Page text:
15. The reason Jesus says, "Let's try again!," is not because the disciples were still young and filled with potential. "Let's try again!," but not in the sense of "Hey, there's still plenty of time. [We] can fix it." Not in [that sense] but rather, we are following the risen Christ now. We are following a Christ who is not controlled by death now. As persons released from death we ourselves are following Christ.
16. In today's second reading, we read the passage where Paul speaks on baptism. In that text the scripture says the following, "We have been buried with Christ in baptism and have become participants in his death. This is so that just as Christ was raised from the dead by the glory of the Father, we will also live in new lives." We [each] live in a new life. It is no longer a life controlled by death. It is a life that is not imprisoned in a tomb. It is a life opened to eternity. The questions about "What can I do with the remaining life I have?" and "Is there enough time left to fix things?" are no longer necessary when we are living in that new life. When we are living that new life of following the risen Christ, even if it is our last day of life on this earth, even if it is even our death bed, we can say, "Let's try again!"
17. Had there not been a "Let's try again!," which came through the Christ of the resurrection, neither would there have been a Peter or any of the later apostles. Neither would there have been the church afterwards. By that definition we can say that the church was born by means of the "Let's try again!," which came through the risen Christ. As persons connected to this very church, we are celebrating Easter this year too. We are celebrating the resurrection of Christ, and we are starting to follow anew and afresh the risen Christ from this point onward. As persons released from death. In reply to this appeal from Christ, could there be a need for us to say to one another?, "Let's try again!"
The coffin is placed on a tray in the crematorium. The family witnesses the sliding of the body into the cremation chamber. A cremation usually takes about two hours, and the family returns at a scheduled time when the cremation has been completed. The relatives pick the bones out of the ashes and transfer them to the urn using chopsticks, two relatives sometimes holding the same bone at the same time with their chopsticks (or, according to some sources, passing the bones from chopsticks to chopsticks). This is the only time in Japan when it is proper for two people to hold the same item at the same time with chopsticks. At all other times, holding anything with chopsticks by two people at the same time, or passing an item from chopsticks to chopsticks will remind all bystanders of the funeral of a close relative and is considered to be a major social faux pas. The bones of the feet are picked up first, and the bones of the head last. This is to ensure that the deceased is not upside down in the urn. The hyoid bone (a bone located in the neck) is the most significant bone to be put in the urn.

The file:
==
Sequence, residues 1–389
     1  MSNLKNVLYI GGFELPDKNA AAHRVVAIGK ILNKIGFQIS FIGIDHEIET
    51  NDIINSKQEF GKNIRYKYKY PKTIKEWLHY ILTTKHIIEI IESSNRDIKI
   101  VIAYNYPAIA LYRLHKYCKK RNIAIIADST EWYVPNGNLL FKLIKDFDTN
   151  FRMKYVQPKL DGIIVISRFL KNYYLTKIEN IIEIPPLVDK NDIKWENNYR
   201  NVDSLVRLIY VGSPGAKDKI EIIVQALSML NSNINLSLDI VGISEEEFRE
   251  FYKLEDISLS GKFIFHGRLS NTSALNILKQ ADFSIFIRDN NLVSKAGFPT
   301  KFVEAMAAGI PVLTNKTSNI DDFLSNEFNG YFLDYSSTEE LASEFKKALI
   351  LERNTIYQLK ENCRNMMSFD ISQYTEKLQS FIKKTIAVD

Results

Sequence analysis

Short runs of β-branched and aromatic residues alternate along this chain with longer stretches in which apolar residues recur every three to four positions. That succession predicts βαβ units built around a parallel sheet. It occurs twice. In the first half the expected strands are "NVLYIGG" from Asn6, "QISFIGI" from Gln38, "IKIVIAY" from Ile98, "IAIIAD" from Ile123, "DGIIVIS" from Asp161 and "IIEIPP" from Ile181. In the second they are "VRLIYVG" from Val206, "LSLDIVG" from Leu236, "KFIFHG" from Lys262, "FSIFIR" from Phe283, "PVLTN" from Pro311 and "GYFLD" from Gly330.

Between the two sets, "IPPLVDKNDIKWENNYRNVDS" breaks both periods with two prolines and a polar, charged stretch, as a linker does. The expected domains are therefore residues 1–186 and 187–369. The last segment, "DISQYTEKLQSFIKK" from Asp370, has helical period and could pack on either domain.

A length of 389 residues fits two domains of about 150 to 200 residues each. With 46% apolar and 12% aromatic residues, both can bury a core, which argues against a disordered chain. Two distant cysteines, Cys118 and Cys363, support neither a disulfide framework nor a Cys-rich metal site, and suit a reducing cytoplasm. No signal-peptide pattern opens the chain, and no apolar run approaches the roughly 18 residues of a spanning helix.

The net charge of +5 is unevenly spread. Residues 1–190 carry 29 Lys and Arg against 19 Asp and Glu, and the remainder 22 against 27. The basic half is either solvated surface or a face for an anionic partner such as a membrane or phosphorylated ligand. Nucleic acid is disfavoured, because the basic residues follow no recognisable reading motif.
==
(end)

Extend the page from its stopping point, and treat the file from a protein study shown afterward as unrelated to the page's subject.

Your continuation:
In some cases, the ashes may be divided between more than one urn, for example if part of the ashes are to go to a family grave, and another part to the temple, or even to a company grave or a burial in space. Many companies, for example, have company graves for their employees in the largest Japanese graveyard on Mount Kōya.
Depending on the local custom the urn may stay at the family home for a number of days, or be taken directly to the graveyard.
Photo from "Sketches of Japanese Manners and Customs", by J. M. W. Silver, Illustrated by Native Drawings, Reproduced in Facsimile by Means of Chromo-lithography, published in London in 1867